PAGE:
Practice, Criminal, Sentence, Imprisonment of women. Uttering Forged Order for Money. Reformatory Prison for Women.
Since St. 1909, c. 442, took effect, a male person who commits the crime of uttering a forged order for money not exceeding $50 in value may be sentenced by a police, district or municipal court to imprisonment at hard labor in a house of correction. Under St. 1906, c. 282, § 1, which provides that "the sentence of a female who is convicted of a felony shall be executed in the reformatory prison for women only," a sentence of a woman to imprisonment at hard labor in a house of correction for uttering a forged order for money not exceeding $50 in value is unauthorized, and, upon a writ of error, will be reversed.
St. 1906, c. 282, § 1, which provides that "the sentence of a female who is convicted of a felony shall be executed in the reformatory prison for women only," does not
make the reformatory prison for women when used for the punishment of felony a branch of the State prison, and makes unlawful a sentence of a woman for a felony to a jail or a house of correction as well as a sentence to the State prison.
BRALEY, J. This is a writ of error to reverse a judgment of the Municipal Court of the City of Boston by which the plaintiff in error was sentenced to imprisonment at hard labor for one year in the house of correction at Deer Island for the crime of uttering a forged order for money.
By the R. L. c. 209, § 1, the crime for which the plaintiff in error was convicted and sentenced, namely, that of uttering and publishing as true a false, forged and counterfeited order for the payment of money, may be punished by imprisonment in the State prison for not more than ten years or in jail for not more than two years. It is therefore a felony as defined by R. L. c. 215, § 1, and until the St. of 1909, c. 442, the Municipal Court was without final jurisdiction and could not impose sentence. R. L. c. 160, § 1. By the St. 1909, c. 442, the jurisdiction of police, district and municipal courts in criminal cases was so enlarged as to include among other crimes, that of forgery of a promissory note or of an order for money or other property where the sum of money named in the note or the value of the property named in the order did not exceed $50, with power to impose the same sentence as the Superior Court in like cases, except imprisonment in the State prison. The amount named in the order or check not having exceeded this jurisdictional requirement, it is plain that upon conviction the Municipal Court could have sentenced a male to imprisonment at hard labor in the house of correction, but not to the State prison. R. L. c. 220, § 5. Commonwealth v. Cline, 213 Mass. 225 , 228.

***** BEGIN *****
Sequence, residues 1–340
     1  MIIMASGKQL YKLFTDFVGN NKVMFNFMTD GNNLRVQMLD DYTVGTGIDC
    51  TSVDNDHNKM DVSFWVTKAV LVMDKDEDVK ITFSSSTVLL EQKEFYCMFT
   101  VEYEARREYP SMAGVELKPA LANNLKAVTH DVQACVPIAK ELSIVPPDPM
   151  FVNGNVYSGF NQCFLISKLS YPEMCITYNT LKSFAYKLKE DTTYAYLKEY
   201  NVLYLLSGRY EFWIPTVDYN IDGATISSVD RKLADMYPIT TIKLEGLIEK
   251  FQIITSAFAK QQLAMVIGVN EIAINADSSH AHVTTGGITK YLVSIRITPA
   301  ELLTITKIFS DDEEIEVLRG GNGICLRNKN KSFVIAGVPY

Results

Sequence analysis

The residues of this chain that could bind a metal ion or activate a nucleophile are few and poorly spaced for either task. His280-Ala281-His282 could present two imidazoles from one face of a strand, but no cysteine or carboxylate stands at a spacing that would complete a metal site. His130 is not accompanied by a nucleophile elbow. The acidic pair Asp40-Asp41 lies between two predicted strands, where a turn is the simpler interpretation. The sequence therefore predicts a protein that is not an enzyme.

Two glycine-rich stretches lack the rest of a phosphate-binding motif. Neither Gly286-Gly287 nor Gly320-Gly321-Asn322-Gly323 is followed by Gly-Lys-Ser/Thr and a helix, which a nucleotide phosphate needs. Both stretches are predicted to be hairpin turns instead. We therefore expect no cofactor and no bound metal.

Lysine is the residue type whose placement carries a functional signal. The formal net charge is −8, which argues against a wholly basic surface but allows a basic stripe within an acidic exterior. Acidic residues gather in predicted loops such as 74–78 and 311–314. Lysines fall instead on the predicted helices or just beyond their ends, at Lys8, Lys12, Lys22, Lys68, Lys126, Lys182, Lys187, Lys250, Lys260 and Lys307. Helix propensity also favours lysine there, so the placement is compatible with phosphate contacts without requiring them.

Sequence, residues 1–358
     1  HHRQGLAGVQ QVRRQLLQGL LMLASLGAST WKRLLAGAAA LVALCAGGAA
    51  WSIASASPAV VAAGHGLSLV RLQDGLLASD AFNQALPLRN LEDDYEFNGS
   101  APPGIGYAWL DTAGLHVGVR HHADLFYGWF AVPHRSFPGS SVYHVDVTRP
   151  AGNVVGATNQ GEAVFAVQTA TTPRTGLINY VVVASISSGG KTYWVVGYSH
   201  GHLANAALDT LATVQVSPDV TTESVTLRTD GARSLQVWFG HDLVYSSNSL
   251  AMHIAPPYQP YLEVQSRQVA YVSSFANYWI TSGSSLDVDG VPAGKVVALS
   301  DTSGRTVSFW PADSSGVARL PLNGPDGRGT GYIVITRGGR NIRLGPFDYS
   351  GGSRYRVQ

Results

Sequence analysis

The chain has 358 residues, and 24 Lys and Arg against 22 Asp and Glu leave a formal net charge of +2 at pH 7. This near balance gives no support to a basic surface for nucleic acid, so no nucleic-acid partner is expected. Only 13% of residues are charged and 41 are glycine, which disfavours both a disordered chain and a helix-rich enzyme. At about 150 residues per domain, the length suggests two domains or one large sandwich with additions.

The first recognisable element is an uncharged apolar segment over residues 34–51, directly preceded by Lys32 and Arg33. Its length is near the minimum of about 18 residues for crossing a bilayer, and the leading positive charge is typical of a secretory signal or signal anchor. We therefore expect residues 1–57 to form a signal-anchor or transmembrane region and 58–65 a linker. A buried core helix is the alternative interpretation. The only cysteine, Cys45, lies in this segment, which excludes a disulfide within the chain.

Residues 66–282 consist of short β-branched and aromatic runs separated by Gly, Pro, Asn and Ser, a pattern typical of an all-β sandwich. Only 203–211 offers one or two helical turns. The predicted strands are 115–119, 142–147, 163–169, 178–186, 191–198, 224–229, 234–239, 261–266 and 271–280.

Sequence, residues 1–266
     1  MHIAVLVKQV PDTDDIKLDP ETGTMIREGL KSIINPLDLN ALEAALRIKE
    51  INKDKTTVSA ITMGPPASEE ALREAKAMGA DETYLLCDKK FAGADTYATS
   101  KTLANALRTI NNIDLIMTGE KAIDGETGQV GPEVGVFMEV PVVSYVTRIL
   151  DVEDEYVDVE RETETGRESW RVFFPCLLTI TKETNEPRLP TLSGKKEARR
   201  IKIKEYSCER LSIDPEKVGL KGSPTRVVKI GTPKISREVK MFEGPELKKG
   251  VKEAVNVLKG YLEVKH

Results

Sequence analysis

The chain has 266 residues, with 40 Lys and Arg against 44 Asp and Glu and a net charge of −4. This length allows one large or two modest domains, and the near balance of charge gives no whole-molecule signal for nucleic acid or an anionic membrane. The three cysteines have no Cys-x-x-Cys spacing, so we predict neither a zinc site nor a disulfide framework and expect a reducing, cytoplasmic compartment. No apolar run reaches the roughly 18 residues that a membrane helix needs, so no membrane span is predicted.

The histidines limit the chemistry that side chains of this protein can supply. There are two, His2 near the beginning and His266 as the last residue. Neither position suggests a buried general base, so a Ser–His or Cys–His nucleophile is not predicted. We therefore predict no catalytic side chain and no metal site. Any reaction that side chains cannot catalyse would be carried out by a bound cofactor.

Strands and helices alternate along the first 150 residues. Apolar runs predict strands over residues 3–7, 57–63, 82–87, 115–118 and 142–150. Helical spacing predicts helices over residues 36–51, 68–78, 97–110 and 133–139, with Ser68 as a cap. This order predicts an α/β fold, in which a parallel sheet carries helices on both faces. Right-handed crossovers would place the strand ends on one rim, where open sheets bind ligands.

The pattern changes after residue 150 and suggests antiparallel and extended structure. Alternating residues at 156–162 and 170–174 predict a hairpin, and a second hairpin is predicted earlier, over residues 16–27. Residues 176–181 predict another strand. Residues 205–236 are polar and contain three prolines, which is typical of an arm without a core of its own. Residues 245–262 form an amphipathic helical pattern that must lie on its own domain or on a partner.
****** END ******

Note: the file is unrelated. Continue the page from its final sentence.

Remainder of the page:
The plaintiff in error, however, is within the St. of 1906, c. 282, § 1, which provides that "The sentence of a female who is convicted of a felony shall be executed in the reformatory prison for women only . . .," and the St. of 1903, c. 209, requiring that the court or trial justice imposing sentence shall not prescribe the limit unless it is for a term of more than five years. The St. of 1906, c. 282, is mandatory. It is irreconcilable with the provisions of R. L. c. 220, § 16, as amended by the St. of 1904, c. 224, that a sentence of a female convict to confinement at hard labor shall be executed in the house of correction or reformatory prison for women as the court orders. The later statute is unambiguous, and the purpose
of the Legislature is unmistakable. It would be defeated if the R. L. c. 220, § 16, is treated as still in force. The crime itself, or its punishment by imprisonment, is not affected by these enactments. But the place where judgment shall be executed is no longer optional with the court. The reformatory prison for women has been substituted for the jail or house of correction. It is true there is no express repeal. If, however, an earlier statute is repugnant to the subsequent act the presumption is, that the latter statute is intended as the final expression of the legislative will, and the former statute is necessarily repealed by implication. Commonwealth v. Wyman, 12 Cush. 237 , 238, 239. See Copeland v. Springfield, 166 Mass. 498 , 504; Paszkowski v. Stony Brook Paper Co. 210 Mass. 86 , 89.
It is urged by the defendant in error, that the reformatory prison for women must be ranked as synonymous with the State prison, or in other words that it is a branch of the State prison, when the place of punishment of women convicted for felony is under consideration. It is not so denominated in our laws. While subject to the supervision of the prison commissioners, its discipline and management are not only distinctive, but entirely independent of other penal institutions, and it is supported by an annual separate appropriation. It was established by the St. of 1874, c. 385, and by that act as well as in subsequent statutes and revisions the intention of the Legislature to provide a separate place for the detention, punishment and reformation of women convicts is plainly manifest. Pub. Sts. c. 221, § 43. St. 1887, c. 426, § 1. St. 1896, c. 304. R. L. c. 223, §§ 28-39. St. 1906, c. 282. The sentence to imprisonment in the house of correction at hard labor for the term of one year having been unauthorized, the judgment must be reversed.
The case was submitted on briefs.
F. Keezer, for the plaintiff in error.
J. M. Swift, Attorney General, & J. F. Barry, for the Commonwealth.